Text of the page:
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Birds, Nests, and Camouflage

Bird nests can be hard to find, often hidden in plain sight. Is the clever camouflage simply the result of using building materials that the birds happen to find? A Scottish research team used birds popular in the pet trade, Zebra Finches, to try and find out. The team gave nesting Zebra Finches... read more »

Topics & Themes:  nesting, science

The Secret Stash of Eggshells

Developing eggshells requires a key ingredient — calcium — in larger quantities than the female typically has in her bloodstream. Just how different bird species supply or store calcium for egg-laying isn’t fully known. While some species seek out extra calcium from their... read more »

Topics & Themes:  nesting

Burrowing Owls Hiss Like a Rattlesnake!

Despite its name, the Burrowing Owl doesn’t do much digging. It’s better known for its hair-raising hiss, which may have evolved to mimic the warning of a cornered rattlesnake. The sonic threat of a venomous reptile could be just enough to warn away most unwanted visitors from the owl’s nest... read more »

Topics & Themes:  nesting, science, sound

Inside the burrow of a Rhinoceros Auklet

Everyone knows puffins. Who could forget their comical behavior — with an appearance to match? But you may not know about the Rhinoceros Auklet, a close relative to puffins, found in the Pacific Ocean. Its gray plumage is duller than that of puffins, but during the breeding season it sports a... read more »

Topics & Themes:  nesting, science

Nesting Red-breasted Sapsuckers

Photographer Gregg Thompson spent several days watching the nest cavity of a pair of Red-breasted Sapsuckers, a species of woodpecker found in far western North America. Cavities are generally excavated in dead trees or dead portions of live trees. Pairs may return to nest in the same area — or... read more »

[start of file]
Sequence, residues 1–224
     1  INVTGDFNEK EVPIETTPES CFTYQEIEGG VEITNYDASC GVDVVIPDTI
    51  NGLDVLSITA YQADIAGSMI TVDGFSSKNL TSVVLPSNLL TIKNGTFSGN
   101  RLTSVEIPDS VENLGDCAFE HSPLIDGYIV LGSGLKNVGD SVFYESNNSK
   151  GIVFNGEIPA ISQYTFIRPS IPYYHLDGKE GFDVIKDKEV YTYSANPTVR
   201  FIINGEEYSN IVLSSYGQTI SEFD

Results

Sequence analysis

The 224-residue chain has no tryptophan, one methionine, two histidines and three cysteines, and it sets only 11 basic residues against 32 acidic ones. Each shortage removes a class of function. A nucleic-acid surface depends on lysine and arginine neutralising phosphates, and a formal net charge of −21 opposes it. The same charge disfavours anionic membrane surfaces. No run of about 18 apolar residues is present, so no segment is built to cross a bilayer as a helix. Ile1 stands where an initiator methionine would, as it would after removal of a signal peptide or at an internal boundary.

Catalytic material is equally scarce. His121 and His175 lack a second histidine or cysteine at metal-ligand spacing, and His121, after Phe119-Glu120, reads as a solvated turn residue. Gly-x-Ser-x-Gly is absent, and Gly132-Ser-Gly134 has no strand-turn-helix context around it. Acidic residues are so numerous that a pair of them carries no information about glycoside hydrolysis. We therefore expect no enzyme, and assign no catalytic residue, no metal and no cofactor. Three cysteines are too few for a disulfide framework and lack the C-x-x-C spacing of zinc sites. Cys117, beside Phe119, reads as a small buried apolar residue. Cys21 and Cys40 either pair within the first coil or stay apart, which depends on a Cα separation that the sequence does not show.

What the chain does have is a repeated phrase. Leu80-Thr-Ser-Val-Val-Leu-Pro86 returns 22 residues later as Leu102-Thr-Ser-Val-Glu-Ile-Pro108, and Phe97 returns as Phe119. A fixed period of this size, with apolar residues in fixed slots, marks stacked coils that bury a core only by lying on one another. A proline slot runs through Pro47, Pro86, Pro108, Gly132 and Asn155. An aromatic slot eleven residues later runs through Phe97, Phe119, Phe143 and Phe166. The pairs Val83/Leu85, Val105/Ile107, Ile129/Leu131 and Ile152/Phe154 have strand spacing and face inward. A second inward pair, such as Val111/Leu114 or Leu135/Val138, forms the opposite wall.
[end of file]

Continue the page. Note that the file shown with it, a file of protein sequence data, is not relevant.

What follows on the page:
Topics & Themes:  nesting, photography

Common Merganser with adorable young!

This small family of Common Mergansers -- a hen with her eight ducklings -- was photographed by Mike Hamilton near Seattle. This duck species nests in tree cavities resulting from broken limbs or excavated by woodpeckers. The female alone incubates the eggs, which hatch in about a month. The... read more »

Topics & Themes:  nesting

Monitoring Rhinoceros Auklets on Protection Island

The nesting colony of Rhinoceros Auklets on Washington State’s Protection Island is among the largest in the world. The birds’ breeding success reflects the health of surrounding marine waters. Scientists are monitoring the type, number, and food value of the fish the adults provide. And to find... read more »

Topics & Themes:  ecology, nesting, science

From Egg-laying to Hatching and Beyond

Waterfowl like this Muscovy duckling spend up to 30 days in the egg, so they’re able to walk, swim, and feed themselves as soon as they hatch. We call these chicks precocial. By contrast, the chicks of most songbirds spend less time maturing in the egg. They must continue to develop in the nest... read more »

Topics & Themes:  ecology, nesting, ornithology

The Baltimore Oriole

Not all blackbirds are mostly black. This Baltimore Oriole is orange! It’s named after Sir George Calvert, First Lord of Baltimore, whose coat-of-arms carried a gold and black design. In spring and summer, you may see these orioles in the Midwest and eastern US, lighting up the trees where they... read more »

Topics & Themes:  birdfeeding, nesting, plumage

Wood Ducks on the Potomac

Wild, undammed rivers make dangerous neighbors. A sign-board near the riverbank at one of the entrances to Potomac National Park offers direct evidence of the river’s perils — 57 drownings in ten years between Great Falls and Little Falls — about an 11-mile stretch.The Potomac seems most fearsome... read more »

Topics & Themes:  nesting